Rates Shoot Back Up

Mortgage rates shot back up, rising from 5.13% last week to an average of 5.55%, Freddie Mac reported Thursday.

Freddie’s Primary Mortgage Market Survey (PMMS) found that the 30-year fixed-rate mortgage (FRM) averaged 5.55%, continuing a rollercoaster few weeks that has seen both a 30-point rate decrease and a 20-point increase.

A year ago at this time, the 30-year FRM averaged 2.87%.

“The combination of higher mortgage rates and the slowdown in economic growth is weighing on the housing market,” said Sam Khater, Freddie Mac’s Chief Economist. 

“Home sales continue to decline, prices are moderating, and consumer confidence is low. But, amid waning demand, there are still potential homebuyers on the sidelines waiting to jump back into the market.”

All signs point to a cooling market. Black Knight’s Home Price Index recently posted a drop in home prices for the first time in 32 months.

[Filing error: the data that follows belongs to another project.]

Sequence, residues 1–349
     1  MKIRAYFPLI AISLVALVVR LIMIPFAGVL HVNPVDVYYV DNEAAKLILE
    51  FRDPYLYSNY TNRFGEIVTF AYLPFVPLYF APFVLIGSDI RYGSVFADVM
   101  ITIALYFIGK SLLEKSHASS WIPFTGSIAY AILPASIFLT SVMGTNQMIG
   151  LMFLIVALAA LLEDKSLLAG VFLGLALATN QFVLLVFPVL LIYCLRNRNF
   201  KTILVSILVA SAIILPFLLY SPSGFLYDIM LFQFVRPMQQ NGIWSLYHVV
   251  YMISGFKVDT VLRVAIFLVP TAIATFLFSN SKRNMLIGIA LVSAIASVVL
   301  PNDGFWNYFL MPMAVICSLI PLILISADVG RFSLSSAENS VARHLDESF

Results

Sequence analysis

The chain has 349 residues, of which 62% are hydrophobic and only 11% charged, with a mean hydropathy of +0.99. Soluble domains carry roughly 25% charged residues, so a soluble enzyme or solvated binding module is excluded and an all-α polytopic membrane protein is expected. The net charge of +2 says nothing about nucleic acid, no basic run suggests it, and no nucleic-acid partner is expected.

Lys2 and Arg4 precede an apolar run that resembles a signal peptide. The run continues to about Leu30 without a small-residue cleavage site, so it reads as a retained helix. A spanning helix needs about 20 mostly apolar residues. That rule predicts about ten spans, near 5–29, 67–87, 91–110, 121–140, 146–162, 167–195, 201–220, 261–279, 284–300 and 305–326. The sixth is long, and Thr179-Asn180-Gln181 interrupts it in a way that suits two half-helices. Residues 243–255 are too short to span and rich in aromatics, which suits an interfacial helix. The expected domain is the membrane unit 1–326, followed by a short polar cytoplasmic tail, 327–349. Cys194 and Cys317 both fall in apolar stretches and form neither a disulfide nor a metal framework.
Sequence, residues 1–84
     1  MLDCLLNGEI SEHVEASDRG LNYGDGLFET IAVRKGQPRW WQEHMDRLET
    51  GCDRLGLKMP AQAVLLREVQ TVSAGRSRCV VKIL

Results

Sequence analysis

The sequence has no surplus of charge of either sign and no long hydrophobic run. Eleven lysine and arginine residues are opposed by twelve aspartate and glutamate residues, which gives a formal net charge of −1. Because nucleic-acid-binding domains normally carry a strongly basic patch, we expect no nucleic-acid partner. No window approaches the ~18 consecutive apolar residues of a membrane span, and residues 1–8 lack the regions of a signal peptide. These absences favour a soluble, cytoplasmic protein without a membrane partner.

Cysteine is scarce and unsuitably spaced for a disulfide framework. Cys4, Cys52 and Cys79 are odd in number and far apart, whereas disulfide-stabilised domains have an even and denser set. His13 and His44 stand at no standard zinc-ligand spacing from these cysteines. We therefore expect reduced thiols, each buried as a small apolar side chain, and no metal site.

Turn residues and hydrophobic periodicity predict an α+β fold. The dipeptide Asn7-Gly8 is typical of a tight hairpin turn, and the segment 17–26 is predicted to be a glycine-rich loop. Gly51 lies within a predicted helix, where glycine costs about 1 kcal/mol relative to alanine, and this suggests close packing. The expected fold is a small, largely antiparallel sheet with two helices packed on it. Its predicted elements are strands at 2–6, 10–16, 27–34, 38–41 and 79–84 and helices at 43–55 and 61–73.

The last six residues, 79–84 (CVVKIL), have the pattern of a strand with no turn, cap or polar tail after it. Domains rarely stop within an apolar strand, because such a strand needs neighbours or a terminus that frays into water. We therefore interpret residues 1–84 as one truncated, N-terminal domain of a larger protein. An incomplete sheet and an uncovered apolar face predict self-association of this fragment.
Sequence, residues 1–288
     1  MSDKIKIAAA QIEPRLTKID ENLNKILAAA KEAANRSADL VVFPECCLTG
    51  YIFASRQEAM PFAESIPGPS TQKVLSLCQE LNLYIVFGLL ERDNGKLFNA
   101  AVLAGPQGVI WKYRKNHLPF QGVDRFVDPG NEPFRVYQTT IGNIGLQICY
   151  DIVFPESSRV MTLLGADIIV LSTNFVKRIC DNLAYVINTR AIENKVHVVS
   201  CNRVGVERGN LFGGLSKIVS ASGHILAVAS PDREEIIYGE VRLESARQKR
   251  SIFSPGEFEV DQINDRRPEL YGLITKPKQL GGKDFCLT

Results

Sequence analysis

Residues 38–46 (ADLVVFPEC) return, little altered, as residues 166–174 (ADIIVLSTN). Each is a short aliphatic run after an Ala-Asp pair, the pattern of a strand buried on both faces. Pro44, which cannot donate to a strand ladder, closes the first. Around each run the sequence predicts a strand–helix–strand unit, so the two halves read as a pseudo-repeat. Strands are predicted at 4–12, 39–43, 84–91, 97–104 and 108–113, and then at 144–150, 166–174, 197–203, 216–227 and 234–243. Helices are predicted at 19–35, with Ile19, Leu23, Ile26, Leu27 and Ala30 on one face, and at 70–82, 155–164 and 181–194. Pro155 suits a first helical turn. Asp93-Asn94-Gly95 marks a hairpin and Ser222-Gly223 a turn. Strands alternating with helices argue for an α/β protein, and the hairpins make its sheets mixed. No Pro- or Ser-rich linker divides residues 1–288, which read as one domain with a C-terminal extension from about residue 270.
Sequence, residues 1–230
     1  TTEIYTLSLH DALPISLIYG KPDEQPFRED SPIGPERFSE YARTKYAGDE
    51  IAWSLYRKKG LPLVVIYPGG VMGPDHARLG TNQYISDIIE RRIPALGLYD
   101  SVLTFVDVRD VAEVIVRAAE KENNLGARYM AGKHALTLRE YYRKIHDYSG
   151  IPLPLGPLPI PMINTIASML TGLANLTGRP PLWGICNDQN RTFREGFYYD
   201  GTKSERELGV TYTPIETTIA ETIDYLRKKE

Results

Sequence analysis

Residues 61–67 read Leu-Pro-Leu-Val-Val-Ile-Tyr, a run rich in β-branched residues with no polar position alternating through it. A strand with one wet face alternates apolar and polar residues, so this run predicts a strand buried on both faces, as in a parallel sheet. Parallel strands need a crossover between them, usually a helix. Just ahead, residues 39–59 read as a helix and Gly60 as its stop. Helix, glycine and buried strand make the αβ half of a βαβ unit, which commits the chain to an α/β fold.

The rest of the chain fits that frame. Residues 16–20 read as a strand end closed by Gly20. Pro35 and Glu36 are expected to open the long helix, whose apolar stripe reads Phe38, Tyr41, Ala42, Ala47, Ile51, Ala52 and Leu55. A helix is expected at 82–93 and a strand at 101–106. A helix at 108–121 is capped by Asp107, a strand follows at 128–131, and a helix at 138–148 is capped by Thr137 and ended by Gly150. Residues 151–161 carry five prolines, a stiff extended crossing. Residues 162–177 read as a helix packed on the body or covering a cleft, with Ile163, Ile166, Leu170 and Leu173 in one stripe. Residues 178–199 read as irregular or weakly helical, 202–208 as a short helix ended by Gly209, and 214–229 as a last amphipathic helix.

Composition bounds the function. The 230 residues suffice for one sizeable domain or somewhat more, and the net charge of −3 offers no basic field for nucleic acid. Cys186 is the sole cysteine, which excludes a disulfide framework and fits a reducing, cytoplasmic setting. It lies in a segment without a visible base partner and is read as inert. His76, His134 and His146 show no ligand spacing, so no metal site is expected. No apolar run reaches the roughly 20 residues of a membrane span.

But the correction to a “balanced” market is only just beginning, and will probably take a while.

“It’s a particularly bad time to buy right now,” Mark Zandi, chief economist for Moody’s Analytics, told Bloomberg.

“If I were a buyer, I’d be waiting. Affordability has been crushed, demand is weakening rapidly, and listings are rising. I expect house prices to go flat in some of the most active markets and for some to come down.”

Additional findings from Thursday’s report:

  • 15-year fixed-rate mortgage averaged 4.85% with an average 0.8 point.
  • A year ago at this time, the 15-year FRM averaged 2.17%.
  • 5-year Treasury-indexed hybrid adjustable-rate mortgage (ARM) averaged 4.36%, with an average 0.4 point.
  • A year ago at this time, the 5-year ARM averaged 2.42%.